We have grown horseradish for just about as long as we’ve lived here – and this summer was our 15th year. If you grow horseradish, you will never have “just a little.” It is perennial and grows and grows and spreads and spreads, and pretty soon you have more horseradish than any human can ever think about eating. People either love or hate horseradish. What do you do with it? Mix it with ketchup to make shrimp sauce. Put it in Bloody Mary’s. Mix it with sour cream to make a sauce to dip meats into – it is usually used as a dipping sauce with high-end beef dishes, such as Prime Rib. I also like it with ham and pork, and love to dip roasted sweet potatoes into the sauce. People like a bit of it in deviled eggs and potato salad. It’s good anywhere you like a little heat.
We have decided that this will be the last year we grow the horseradish, and are going to work on eradicating it to get it out of our garden. Horseradish cannot be canned, so if you are going to harvest it, you either need to put it in the refrigerator and use it within a couple months, or freeze it. If you are just doing one or two roots, it won’t take long, but if you are doing a large batch, it is pretty time consuming. Fresh, home-grown horseradish is much better than what you can buy at the store (true of any home grown food!)
First, the horseradish needs to be dug up. You should only do this in a month that has the letter “R” in it. The roots are long, white tubers, and I don’t know if there’s any way to get the entire thing. Mr says it grows all the way to the center of the earth! Cut the leaves off, and get as much dirt off as possible. Mr put them all in a wheelbarrow and filled it with water, as the roots were very muddy, so we had to use a big brush to get as much mud off as possible. I must admit here that I hadn’t planned on writing a post on this, so unfortunately I didn’t get any good “digging” and “before” root pictures.
Now it is time for the “horseradish words of warning.” Horseradish is full of oils that are volatile when the outer “bark” is removed and the root is exposed to air. I suggest doing as much of this as you can outdoors, and if you do any of it indoors, be sure to open as many doors and windows as possible. Don’t stand over the food processor or blender when you take the lid off. Trust me. I literally went through probably 10 tissues today, so know that it will definitely clear your sinuses when you process it!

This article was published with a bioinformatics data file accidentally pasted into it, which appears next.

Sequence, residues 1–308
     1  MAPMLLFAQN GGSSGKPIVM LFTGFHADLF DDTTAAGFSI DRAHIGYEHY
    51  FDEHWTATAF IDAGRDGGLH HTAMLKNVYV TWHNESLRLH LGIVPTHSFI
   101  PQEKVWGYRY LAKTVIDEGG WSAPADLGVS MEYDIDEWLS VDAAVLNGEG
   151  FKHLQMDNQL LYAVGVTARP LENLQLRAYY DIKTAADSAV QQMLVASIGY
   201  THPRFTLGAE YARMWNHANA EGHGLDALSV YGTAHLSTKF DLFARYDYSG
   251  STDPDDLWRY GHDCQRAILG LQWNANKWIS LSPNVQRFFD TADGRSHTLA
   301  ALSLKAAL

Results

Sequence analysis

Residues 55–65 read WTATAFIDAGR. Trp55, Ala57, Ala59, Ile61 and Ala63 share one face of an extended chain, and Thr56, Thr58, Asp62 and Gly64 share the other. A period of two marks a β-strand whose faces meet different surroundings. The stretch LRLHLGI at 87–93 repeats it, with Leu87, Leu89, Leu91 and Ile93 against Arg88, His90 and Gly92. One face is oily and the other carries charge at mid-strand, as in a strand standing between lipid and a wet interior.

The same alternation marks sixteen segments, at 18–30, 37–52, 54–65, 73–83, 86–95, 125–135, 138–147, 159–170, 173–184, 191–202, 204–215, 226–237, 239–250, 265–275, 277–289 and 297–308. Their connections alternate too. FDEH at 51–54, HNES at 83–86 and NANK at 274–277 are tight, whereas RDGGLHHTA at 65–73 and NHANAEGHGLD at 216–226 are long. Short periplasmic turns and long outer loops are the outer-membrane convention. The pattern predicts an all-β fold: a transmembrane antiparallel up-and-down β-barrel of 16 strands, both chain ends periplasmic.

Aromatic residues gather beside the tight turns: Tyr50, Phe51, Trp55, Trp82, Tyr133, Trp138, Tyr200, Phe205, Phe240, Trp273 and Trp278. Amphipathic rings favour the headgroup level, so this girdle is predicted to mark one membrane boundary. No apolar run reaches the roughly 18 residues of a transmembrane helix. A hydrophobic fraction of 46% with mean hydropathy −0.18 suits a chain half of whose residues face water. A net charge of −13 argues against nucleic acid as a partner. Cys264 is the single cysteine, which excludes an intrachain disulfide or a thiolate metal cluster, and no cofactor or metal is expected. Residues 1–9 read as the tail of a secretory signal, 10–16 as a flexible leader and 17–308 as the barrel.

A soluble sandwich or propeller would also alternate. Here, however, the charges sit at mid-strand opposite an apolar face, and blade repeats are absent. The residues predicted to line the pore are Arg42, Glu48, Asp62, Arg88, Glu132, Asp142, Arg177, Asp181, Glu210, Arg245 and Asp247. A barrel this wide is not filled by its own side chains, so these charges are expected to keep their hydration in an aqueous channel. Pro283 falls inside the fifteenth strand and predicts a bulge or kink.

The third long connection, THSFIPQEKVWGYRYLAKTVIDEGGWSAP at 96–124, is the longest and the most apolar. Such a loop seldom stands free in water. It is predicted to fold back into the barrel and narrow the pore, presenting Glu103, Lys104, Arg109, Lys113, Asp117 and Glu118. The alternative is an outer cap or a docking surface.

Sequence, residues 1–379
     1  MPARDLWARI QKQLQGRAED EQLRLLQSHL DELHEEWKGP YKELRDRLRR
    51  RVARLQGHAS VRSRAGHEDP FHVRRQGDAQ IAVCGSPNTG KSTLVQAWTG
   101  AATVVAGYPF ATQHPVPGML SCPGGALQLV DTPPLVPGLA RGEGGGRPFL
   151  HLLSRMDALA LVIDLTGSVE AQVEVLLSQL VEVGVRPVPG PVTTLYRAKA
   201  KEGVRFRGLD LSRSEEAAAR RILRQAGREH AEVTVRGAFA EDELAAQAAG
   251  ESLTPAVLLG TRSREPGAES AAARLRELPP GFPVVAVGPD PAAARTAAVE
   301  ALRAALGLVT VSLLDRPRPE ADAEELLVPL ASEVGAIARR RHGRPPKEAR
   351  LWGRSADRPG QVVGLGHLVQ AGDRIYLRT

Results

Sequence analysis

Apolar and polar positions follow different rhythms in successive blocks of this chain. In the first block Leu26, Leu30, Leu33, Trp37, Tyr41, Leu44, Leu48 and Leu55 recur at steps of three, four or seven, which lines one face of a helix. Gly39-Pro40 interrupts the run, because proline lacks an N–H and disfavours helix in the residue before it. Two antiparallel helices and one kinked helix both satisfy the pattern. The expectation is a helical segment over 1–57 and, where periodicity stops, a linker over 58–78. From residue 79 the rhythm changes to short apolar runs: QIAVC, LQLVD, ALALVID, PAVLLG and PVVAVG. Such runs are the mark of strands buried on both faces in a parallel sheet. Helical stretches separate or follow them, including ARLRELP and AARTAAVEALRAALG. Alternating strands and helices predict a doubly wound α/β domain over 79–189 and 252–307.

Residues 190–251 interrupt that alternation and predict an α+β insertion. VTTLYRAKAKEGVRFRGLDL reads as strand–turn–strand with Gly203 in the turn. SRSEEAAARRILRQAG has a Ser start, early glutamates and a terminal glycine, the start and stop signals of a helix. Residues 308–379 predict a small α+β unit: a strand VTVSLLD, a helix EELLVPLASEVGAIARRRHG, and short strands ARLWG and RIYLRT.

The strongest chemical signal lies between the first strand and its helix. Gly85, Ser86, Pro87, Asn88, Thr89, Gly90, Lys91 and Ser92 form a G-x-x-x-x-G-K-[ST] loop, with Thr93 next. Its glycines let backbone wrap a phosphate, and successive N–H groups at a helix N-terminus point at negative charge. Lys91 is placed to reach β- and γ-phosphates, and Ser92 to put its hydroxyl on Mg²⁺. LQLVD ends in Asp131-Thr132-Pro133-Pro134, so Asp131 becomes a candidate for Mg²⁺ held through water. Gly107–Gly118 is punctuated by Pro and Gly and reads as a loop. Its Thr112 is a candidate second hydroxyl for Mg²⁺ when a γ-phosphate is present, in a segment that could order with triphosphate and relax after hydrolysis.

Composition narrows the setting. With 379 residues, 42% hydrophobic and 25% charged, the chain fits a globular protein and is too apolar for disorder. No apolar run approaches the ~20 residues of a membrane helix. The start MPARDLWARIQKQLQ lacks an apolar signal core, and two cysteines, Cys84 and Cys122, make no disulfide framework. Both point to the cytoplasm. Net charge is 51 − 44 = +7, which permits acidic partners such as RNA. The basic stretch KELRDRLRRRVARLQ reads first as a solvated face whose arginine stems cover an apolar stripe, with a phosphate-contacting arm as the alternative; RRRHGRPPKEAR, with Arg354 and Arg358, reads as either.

Using a knife and a avegetable peeler, peel the brown “coating” off the root. Next, cut the root into cubes that are no bigger than 1”. I will tell you that these roots are HARD. Cutting through larger roots takes serious work. There will probably be parts of the root that are brown or yucky. Get rid of those. You only want the pieces that are pretty white with no blemishes and are not limp. After it is cut up, run it under water several times to get any dirt or coating off.
Now you are ready to process. I will tell you what works for me, as I like mine blended pretty fine. First I have to put some into a food processor in order to get it shredded up fairly well. If you like yours somewhat chunky, you don’t have to put it in a blender. Otherwise, put the shredded horseradish into a blender (I did about 3 cups at a time.) Add about 5 pieces of ice-maker ice and about ⅔ cup cold water, along with about 1 t salt. Blend until smooth-ish. I had to keep taking the lid off and pushing the horseradish down in order to get it smoothed out. The next step is to put in the vinegar. I used ⅓ cup. Grating horseradish crushes the cells of the root, releasing the volatile oils, which give horseradish its heat. Adding vinegar stops this enzymatic reaction. The longer you wait to add the vinegar, the hotter your horseradish will be. I wait about 5 minutes or more, as I like it hot. If you don’t like it very hot, add the vinegar immediately. Once you add the vinegar and begin blending, the mixture should look sort of like a milkshake blending up. It shouldn’t be too runny.
So my basic recipe here is: For every 3 cups of shredded horseradish, add about 5 ice cubes, 2/3 Cup cold water, 1 tsp salt, and 1/3 C vinegar.
Now all that is left is to pour it into jars, wipe the rims, and put on the lids. You can use any jar, as these are not going to be processed, they will just go into the freezer. The last time I processed horseradish was 5 years ago, and I have 2 jars left. As far as I can tell, they don’t go bad, as every jar I have used has been fine.
I had 10 pounds of cut-up, cleaned horseradish, and I ended up with 42 jars of various sizes, generally ½ pint. Ridiculous. Mr cleaned the rest of the roots today, so I have enough to do about 12-15 more jars tomorrow. Oh, goody. Trust me, I give a lot of it away. Thank goodness we have 2 freezers.